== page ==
How to haggle in Europe

Special to the Los Angeles Times

At Europe’s lively open-air markets and bazaars, bargaining for merchandise is the accepted and expected method of setting a price. Whether you’re looking for door knockers or hand-knitted sweaters, seize the chance to bargain like a native. It’s the only way to find a compromise between the wishful thinking of the seller and the souvenir-driven lust of the tourist.

Bargaining can be fun if you learn how to haggle. Among many good markets where you can practice your skills are Amsterdam’s Waterlooplein, London’s Portobello Market, Paris’ Puces de St-Ouen, Madrid’s El Rastro, and the souk of Tangier in Morocco. Caution: Pickpockets enjoy flea markets as much as you so wear your money belt.

Before making an offer, determine whether bargaining is appropriate. It’s bad shopping etiquette to make an offer for a tweed hat in a London department store, but it’s foolish not to at a Greek outdoor market. In Venice, Italy, walk away from knockoffs; sellers and even buyers are subject to fines.


To learn whether a price is fixed, show some interest in the item, but say, “It’s too much.” You’ve put the merchant in a position to make the first offer. If he comes down even 2%, haggle away.

If prices aren’t posted, assume there’s a double standard: one price for locals and one for you. So it’s to your benefit to find out what the locals pay. I remember thinking I did well in Madrid’s flea market until I learned my Spanish friend bought the same shirt for 30% less.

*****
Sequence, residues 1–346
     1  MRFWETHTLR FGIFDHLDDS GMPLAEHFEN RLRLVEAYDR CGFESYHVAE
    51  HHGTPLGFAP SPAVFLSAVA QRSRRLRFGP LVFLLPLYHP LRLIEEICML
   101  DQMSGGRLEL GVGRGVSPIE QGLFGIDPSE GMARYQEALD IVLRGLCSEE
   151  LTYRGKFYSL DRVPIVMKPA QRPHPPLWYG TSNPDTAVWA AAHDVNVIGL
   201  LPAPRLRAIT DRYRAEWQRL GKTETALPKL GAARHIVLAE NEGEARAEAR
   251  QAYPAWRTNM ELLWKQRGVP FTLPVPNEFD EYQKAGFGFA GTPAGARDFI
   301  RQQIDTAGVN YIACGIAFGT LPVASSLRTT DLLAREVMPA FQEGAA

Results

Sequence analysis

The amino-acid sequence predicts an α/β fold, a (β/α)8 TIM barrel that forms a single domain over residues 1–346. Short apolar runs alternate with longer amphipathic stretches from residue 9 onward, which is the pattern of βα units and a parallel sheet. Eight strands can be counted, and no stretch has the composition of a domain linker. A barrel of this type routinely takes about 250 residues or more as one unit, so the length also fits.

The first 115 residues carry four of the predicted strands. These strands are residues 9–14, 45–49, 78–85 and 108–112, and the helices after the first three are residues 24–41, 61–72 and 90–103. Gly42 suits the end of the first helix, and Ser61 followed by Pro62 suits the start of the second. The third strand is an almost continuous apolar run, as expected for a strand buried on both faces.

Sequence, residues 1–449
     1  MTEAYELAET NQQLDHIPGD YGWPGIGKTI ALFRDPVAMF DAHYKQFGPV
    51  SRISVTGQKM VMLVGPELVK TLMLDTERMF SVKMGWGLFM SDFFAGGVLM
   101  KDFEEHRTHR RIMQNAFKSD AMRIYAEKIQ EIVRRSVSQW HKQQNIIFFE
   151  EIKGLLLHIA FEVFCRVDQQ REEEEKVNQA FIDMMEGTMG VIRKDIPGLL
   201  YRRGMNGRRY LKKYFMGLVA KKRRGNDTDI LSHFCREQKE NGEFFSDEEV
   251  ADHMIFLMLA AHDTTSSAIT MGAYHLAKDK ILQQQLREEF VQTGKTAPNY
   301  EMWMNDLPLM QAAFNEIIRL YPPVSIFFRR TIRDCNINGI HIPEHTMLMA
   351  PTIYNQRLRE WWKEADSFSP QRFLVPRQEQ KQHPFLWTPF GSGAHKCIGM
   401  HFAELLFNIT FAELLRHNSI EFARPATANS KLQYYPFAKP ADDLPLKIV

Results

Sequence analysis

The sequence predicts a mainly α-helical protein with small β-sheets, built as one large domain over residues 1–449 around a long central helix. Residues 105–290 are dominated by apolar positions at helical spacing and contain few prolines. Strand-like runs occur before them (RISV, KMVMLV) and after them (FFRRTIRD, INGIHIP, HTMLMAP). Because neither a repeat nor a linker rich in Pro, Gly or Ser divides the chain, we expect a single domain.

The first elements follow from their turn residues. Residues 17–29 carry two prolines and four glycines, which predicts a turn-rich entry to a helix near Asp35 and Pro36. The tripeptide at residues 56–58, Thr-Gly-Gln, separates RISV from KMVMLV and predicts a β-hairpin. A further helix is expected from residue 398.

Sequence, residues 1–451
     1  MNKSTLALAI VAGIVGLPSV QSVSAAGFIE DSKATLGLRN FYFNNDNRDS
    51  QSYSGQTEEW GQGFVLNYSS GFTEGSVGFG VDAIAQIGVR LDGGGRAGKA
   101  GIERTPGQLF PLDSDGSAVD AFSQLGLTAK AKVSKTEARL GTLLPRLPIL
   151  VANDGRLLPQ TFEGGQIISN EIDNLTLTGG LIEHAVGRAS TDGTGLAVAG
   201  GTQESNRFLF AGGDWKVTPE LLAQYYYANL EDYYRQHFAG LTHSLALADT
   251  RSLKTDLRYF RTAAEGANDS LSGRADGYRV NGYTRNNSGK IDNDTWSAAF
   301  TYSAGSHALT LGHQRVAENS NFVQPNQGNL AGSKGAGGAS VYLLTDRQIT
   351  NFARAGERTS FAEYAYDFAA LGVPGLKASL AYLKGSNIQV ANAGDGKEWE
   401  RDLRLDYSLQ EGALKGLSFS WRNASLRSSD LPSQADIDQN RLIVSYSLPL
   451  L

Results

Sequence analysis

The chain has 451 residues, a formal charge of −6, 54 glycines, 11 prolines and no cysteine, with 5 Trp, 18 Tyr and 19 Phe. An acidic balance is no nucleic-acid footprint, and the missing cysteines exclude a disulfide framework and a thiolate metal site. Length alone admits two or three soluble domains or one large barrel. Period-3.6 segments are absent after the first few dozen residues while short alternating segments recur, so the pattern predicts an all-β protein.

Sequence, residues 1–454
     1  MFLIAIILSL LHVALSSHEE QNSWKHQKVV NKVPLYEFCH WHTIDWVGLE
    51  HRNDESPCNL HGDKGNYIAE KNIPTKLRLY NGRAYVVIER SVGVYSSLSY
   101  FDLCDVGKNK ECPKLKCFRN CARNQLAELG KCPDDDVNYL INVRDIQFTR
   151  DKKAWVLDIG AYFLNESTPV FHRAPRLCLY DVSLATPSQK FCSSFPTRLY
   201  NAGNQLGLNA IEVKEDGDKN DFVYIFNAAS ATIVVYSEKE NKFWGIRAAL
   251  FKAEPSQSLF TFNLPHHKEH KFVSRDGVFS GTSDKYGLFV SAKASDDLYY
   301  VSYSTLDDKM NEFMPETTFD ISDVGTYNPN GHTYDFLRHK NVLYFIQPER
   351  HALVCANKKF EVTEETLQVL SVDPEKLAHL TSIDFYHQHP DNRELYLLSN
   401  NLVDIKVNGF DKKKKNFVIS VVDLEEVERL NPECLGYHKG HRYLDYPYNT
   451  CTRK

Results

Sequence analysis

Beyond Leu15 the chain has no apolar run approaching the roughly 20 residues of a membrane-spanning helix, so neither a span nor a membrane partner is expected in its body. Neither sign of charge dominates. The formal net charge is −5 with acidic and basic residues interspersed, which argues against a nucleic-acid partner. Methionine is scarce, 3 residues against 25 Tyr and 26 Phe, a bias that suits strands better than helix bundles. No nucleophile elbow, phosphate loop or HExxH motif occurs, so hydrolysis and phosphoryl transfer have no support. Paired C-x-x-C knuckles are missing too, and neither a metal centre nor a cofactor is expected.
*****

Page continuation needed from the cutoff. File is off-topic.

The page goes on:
To avoid buyer’s remorse, decide what an item is worth to you before you begin to haggle. In determining the item’s value to you, consider the hassles of packing it or shipping it home. (If a merchant ships an item for you, take a picture of yourself with the item and merchant; it will help you get the item replaced in case it arrives in pieces.)

When you’re interested in an item, look indifferent. Too much interest means you’ll never get the best price. Your job is to determine the merchant’s lowest price. Many merchants will settle for a small profit rather than lose the sale. Promise yourself that no matter how enticing the price becomes, you won’t cave in. Work the cost down to rock bottom, and walk away. That last price the vendor shouts out as you turn away is likely the best price you’ll get.

Work as a team with your spouse or a friend. While you bargain, your companion can act the part of naysayer, threatening to squash the deal. This trick can bring down the price faster.

Obey the rules. Don’t hurry. Bargaining is rarely rushed. Show you are serious by taking the time to talk with the shopkeeper. Dealing directly with the owner can lower the price (because there’s no sales commission).


If the price is right and you are ready to buy, show the merchant your money. Hold out the amount you are offering to pay for whatever you are haggling over. The seller will be tempted to take your money and say, “OK.”

Prices can drop at the end of the day, when merchants are starting to pack up. Swoop in at closing time to snap up the real deals.

If the price is too much, move on. Never worry about having taken too much of the merchant’s time. Vendors are experts at making the tourist feel guilty for not buying. It’s all part of the game.

It’s true that you might find the same souvenirs in a large department store, with a firm price. But where’s the fun in that? Store shopping can be quicker and easier — but it’s never as memorable.